• postpartum depression;
  • pharmacotherapy;
  • phenomenology;
  • treatment;
  • outcome


Following childbirth, major depression (postpartum depression) affects approximately 8–12% of new mothers. However, little is known about the pharmacological management of postpartum depression, and no studies to date have assessed differences in treatment response between women with postpartum and nonpostpartum major depression

The authors reviewed the records of 26 women with postpartum major depression and 25 women with major depression unrelated to childbearing (nonpostpartum depression) who presented to them for treatment over a 4-year period. Compared with the nonpostpartum depressed patients, the postpartum depressed women were significantly more likely to present with anxious features. Also, cases of postpartum depression were more severe than cases of nonpostpartum depression. While the postpartum patients were equally as likely to recover (as defined by a Clinical Global Impression score of 1 or 2) compared to the nonpostpartum-depressed patients, their time to response was significantly longer. By 3 weeks of pharmacotherapy, 75% of the nonpostpartum cases had recovered, in contrast to only 36% of the postpartum cases. Further, postpartum patients were significantly more likely to be receiving more than one antidepressant agent at the time of response to treatment. Length of depression prior to treatment did not explain the difference in treatment response. Presence of depressive symptoms during pregnancy and timing of onset of the depression (before vs. after 4 weeks of delivery) did not affect likelihood of treatment response in this sample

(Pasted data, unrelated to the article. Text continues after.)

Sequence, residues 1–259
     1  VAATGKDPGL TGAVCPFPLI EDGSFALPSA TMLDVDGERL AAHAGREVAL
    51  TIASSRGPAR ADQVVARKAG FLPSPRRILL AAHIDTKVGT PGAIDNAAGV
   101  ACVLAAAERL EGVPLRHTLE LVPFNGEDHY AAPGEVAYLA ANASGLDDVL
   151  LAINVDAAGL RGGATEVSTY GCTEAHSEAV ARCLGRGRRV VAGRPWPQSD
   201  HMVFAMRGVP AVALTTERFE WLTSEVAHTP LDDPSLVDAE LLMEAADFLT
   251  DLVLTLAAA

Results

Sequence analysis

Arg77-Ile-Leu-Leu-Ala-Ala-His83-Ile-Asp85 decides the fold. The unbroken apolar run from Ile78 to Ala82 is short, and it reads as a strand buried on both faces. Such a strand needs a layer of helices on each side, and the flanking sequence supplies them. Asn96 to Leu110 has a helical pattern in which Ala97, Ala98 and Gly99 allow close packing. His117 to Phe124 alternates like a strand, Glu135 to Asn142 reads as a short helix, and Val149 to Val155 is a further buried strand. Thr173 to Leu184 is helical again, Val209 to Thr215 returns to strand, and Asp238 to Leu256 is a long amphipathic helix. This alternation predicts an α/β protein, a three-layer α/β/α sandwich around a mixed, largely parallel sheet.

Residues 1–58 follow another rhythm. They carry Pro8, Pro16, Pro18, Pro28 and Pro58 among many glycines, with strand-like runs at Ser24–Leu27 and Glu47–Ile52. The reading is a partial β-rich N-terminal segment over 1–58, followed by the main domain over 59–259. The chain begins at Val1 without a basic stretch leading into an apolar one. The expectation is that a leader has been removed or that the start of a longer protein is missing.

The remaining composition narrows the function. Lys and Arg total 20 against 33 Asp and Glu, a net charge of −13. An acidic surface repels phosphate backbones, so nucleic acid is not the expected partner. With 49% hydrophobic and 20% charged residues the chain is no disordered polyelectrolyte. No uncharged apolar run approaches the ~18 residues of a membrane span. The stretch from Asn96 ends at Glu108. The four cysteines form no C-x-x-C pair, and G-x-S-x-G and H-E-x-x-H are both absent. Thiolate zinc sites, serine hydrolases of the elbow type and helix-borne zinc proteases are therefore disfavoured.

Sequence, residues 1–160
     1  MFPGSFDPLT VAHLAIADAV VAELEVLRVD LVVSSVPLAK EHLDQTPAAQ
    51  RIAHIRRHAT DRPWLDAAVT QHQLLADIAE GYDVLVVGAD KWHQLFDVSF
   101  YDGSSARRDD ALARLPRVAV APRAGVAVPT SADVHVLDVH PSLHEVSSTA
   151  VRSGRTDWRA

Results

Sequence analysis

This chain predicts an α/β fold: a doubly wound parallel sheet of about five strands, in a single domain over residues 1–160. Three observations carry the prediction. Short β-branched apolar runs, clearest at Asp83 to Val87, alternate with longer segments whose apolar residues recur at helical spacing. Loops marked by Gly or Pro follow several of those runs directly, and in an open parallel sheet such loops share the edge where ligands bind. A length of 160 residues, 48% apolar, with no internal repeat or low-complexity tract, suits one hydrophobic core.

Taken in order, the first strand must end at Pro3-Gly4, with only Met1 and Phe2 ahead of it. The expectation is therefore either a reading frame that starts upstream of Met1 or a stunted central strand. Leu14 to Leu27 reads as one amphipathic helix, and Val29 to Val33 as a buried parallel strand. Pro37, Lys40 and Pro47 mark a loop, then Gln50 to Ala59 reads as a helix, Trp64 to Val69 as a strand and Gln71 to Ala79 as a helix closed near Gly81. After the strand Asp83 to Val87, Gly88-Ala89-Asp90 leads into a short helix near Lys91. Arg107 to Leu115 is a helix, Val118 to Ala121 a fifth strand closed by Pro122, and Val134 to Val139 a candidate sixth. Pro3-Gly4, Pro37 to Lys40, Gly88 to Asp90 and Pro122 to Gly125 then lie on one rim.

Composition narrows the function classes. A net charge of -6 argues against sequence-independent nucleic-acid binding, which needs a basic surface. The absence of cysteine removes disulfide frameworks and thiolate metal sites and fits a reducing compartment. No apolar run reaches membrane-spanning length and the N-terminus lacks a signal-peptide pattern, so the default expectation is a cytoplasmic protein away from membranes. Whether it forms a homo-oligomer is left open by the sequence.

Women with postpartum depression appear to be significantly more likely than the nonpostpartum women to present with anxious features, take longer to respond to pharmacotherapy for depression, and require more antidepressant agents at the time of response to treatment. Depression and Anxiety 11:66–72, 2000. © 2000 Wiley-Liss, Inc